These rules are as follows: If your minor dependent children have no other surviving parent, the court will decide on a guardian for your young children. That person gets all the rights and responsibilities of a parent and they may not be the person you think will do the best job. Your children`s inheritance will be kept in a trust until they reach the age of majority (18 or 19 depending on the province). This can make it financially difficult for a surviving spouse to start a family. It is also often too young for children to know how to properly manage such a large amount of money. If the spouses were legally divorced or separated at the time of the death of the holder of the estate, the spouse is not entitled to the succession under the Succession Reform Act. However, the divorced or separated spouse may still be considered a creditor of the estate if he or she receives alimony or can apply for maintenance. In each province, if none of the above parents survive, the government will continue to search for the next of kin. If the deceased has no descendants and no will, their spouse may inherit their property as the next of kin. In general, the surviving spouse automatically inherits the marital home, but this also varies from province to province. Whether you use a will, make a will online, or have a lawyer prepare your will, a will ensures that your estate is distributed exactly the way you want it to be and that your family`s future is not left to a judge who knows nothing about them. If no family member or applicant comes forward, a search begins to find one.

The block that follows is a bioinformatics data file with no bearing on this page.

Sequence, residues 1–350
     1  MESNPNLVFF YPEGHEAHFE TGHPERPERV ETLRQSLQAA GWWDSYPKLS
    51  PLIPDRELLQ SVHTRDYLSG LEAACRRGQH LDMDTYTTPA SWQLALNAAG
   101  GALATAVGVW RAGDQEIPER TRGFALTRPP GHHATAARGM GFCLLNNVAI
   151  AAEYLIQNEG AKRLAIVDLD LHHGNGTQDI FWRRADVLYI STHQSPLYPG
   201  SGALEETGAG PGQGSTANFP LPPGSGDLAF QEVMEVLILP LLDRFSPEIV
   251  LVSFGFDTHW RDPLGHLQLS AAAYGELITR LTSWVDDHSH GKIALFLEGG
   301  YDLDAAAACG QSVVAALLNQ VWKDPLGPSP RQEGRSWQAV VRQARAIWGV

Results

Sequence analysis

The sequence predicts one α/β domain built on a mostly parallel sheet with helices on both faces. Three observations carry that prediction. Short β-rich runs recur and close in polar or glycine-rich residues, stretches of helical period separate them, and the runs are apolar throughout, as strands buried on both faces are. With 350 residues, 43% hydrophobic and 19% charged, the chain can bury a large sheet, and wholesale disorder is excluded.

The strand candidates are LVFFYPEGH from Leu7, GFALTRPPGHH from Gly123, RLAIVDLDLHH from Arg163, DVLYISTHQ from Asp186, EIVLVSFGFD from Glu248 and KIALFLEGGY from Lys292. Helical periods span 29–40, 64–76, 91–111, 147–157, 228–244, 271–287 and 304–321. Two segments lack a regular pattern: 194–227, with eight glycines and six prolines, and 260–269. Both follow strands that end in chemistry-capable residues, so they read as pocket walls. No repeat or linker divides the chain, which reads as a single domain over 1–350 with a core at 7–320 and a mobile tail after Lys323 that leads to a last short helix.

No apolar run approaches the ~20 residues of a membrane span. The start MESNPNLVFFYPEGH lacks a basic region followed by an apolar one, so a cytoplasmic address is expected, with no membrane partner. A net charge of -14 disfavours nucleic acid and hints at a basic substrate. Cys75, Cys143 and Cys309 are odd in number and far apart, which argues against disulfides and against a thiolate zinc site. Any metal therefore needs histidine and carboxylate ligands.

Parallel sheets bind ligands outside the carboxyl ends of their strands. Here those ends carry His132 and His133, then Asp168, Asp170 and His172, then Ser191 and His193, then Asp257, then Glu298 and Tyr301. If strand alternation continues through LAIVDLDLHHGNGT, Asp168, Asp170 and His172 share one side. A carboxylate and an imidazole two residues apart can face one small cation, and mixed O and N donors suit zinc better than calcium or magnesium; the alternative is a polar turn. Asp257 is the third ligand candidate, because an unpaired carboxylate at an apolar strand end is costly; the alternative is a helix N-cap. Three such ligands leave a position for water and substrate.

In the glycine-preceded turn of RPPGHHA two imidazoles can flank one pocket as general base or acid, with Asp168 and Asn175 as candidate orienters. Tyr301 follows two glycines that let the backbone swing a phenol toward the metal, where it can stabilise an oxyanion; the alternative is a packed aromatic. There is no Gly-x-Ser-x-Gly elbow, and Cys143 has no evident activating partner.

If a death is determined to be an accident or suicide, the local coroner`s office is responsible for locating the applicant. However, if death is anticipated, it is not within the jurisdiction of the coroner. Therefore, the institution where the death occurred is responsible for the search. For example, if a person dies in the hospital without relatives, the hospital is responsible for the research. This also applies to long-term care facilities. The details of determining next of kin and inheritance vary by jurisdiction. In countries such as the United Kingdom, inheritance issues are dealt with under different inheritance laws. In other countries, there are laws allowing close relatives to regulate the succession of deceased persons without inheritance. Next of kin refers to a person`s closest living relative. The relationship of the next of kin is important in determining inheritance law when a person dies without a will and has no spouse and/or children. The next of kin may also assume responsibility during and after the life of their parent. For example, the next of kin may have to make medical decisions if the person becomes unable to work, or take responsibility for funeral arrangements and financial matters after the death of their parent.